I recently flew to Canberra via Sydney. Planes were on time and it was an unremarkable journey.
I walked to the carousel at Canberra Airport and waited. Bags started to come out and other passengers collected their belongings. I know someone has to have the last bag that comes out so I was patiently waiting.
Then I saw the same bags circulating on the carousel and started to have a sinking feeling. When the last bag was collected and the carousel was now empty, I knew it was time to visit the lost luggage window.
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I am not alone in this experience but since airlines and airports have tried to move their numbers back up to pre-pandemic levels, the examples of delayed or lost luggage are skyrocketing. Internationally, the rate is currently at 8.7 suitcases per 1,000 passengers not arriving together. That is an increase of 24 per cent over last year.
The US has seen a 67 per cent rise over last year. If you compare numbers to 2019, the figures show a 30 per cent increase on the last year where air travel levels were "normal".
Qantas is reportedly losing an incredible 1 in 10 bags in Sydney. That all seems like bad news especially considering the incredible technology that currently exists at airports to track and deliver luggage effectively.
Each time we read another story about lost luggage being located via this method, searches and sales will increase again.
So if that technology is not delivering for travellers, what alternative do you have?
As it turns out, quite a good solution and there are already reports of people utilising this solution.
Bluetooth trackers have been on the market since 2013. They are low-powered devices that allow you to install an app on your phone and see, with a relatively high degree of accuracy, where the tracker is. The app can also trigger a noise to be emitted from the tracking device.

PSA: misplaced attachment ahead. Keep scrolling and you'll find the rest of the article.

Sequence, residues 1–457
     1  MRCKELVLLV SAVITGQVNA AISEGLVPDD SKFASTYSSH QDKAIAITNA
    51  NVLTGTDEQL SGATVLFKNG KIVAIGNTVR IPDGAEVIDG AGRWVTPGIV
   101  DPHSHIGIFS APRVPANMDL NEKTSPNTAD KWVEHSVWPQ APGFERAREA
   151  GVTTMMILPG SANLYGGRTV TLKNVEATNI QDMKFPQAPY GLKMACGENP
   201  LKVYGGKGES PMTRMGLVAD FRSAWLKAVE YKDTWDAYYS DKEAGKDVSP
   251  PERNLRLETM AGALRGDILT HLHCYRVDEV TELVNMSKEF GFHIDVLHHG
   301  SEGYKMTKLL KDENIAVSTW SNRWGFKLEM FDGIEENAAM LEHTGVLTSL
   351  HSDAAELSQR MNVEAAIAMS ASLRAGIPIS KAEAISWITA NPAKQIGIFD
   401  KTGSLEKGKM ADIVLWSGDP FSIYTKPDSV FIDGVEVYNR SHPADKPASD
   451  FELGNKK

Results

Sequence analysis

The trackers themselves are small enough to fit in a wallet or on a set of keys or, in the case of my daughter, in a teddy bear! As the name suggests, they use Bluetooth to communicate between your phone and the tracker. And I can hear your next question.
Well, to answer that question, the range of Bluetooth is about 10 metres. Initially you might think that this then provides a wonderful solution if you have lost your keys in your house assuming you can walk around your house and be within 10 metres of your keys.
It is somewhat more problematic if you left your keys down the street and you are now at your front door.
The second part of the solution is that any other person using the same brand of tracker can act as a locator for your tracker.
As long as their phone is within Bluetooth range of your keys, you can find them on your phone without any security or privacy issues with the phone of another random user. And that is exactly the solution being utilised by travellers with their luggage.
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An analysis of Google search results shows that searches for Bluetooth tracking devices have increased by 123 per cent in the last month.
Specifically, people are searching for Apple's AirTags or the largest tracking company (tile) or Galaxy SmartTag or Chipolo or simply "luggage trackers" and each time we read another story about lost luggage being located via this method, searches and sales will increase again.
As long as there are some luggage handlers within Bluetooth range of your device and they are running the same app that you use, you will be in luck. It might be easier if our luggage just arrived with the people!
- Mathew Dickerson is a technologist, futurist and host of the Tech Talk podcast.